May 1, 2021

Targeting tumors with nanoworms

Posted by in categories: bioengineering, biotech/medical, chemistry, nanotechnology, supercomputing

Getting closer.

Drugs and vaccines circulate through the vascular system reacting according to their chemical and structural nature. In some cases, they are intended to diffuse. In other cases, like cancer treatments, the intended target is highly localized. The effectiveness of a medicine —and how much is needed and the side effects it causes —are a function of how well it can reach its target.

“A lot of medicines involve intravenous injections of drug carriers,” said Ying Li, an assistant professor of mechanical engineering at the University of Connecticut. “We want them to be able to circulate and find the right place at the right time and to release the right amount of drugs to safely protect us. If you make mistakes, there can be terrible side effects.”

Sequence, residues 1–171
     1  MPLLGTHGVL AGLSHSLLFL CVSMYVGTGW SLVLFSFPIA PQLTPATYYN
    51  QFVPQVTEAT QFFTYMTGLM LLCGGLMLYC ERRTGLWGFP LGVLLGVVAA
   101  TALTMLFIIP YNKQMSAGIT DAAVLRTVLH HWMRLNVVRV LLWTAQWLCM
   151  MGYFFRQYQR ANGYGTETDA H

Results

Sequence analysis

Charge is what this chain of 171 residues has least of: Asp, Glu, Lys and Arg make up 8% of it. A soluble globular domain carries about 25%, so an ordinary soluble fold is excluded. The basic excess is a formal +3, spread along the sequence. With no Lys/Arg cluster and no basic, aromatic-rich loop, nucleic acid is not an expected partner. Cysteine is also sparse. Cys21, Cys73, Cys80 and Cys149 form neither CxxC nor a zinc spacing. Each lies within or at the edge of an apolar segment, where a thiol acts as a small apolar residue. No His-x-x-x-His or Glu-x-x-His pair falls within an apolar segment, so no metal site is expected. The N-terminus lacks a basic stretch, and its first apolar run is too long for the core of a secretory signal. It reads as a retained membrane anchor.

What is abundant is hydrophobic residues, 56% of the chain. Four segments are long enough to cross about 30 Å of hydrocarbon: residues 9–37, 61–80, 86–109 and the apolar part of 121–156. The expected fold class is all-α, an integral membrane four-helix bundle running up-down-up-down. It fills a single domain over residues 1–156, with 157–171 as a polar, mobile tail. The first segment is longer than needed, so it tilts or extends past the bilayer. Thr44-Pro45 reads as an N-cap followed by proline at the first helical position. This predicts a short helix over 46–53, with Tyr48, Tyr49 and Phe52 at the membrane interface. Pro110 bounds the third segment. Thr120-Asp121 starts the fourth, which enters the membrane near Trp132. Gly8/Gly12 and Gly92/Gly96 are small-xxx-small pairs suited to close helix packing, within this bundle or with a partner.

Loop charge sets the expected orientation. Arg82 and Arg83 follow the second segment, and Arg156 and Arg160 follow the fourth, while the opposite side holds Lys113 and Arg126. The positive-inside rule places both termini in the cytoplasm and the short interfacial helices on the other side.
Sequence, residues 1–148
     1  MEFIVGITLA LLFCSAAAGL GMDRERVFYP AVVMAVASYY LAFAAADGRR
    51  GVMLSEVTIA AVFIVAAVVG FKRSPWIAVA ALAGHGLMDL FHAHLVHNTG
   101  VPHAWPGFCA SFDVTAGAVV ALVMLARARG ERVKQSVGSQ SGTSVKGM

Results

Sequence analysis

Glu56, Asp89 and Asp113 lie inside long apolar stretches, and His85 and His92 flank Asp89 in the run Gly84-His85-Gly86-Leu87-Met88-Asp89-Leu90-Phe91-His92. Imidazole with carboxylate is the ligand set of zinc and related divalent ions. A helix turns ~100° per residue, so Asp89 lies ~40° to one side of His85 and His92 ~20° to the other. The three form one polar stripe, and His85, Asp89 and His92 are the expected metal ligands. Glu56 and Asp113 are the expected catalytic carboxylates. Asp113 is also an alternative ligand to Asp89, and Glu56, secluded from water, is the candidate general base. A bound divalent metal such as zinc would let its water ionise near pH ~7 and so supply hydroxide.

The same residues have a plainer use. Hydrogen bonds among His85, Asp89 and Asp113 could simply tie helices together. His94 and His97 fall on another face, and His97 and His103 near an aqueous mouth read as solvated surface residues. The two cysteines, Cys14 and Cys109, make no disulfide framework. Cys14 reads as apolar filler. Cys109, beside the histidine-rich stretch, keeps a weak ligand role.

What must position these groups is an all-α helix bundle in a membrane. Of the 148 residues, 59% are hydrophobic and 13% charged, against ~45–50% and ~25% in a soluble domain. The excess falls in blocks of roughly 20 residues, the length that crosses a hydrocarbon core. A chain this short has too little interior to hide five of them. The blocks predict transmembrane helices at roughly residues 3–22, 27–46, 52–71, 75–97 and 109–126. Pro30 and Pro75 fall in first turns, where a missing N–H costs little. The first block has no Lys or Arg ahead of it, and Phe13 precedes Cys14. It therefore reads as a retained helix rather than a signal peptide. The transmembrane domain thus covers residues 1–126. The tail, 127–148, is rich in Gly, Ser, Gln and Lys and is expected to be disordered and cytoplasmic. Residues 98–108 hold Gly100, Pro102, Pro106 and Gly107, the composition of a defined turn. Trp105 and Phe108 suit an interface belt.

Li studies nanomedicines and how they can be designed to work more efficiently. Nanomedicine involves the use of nanoscale materials, such as biocompatible nanoparticles and nanorobots, for diagnosis, delivery, sensing or actuation purposes in a living organism. His work harnesses the power of supercomputers to simulate the dynamics of nanodrugs in the , design new forms of nanoparticles, and find ways to control them.

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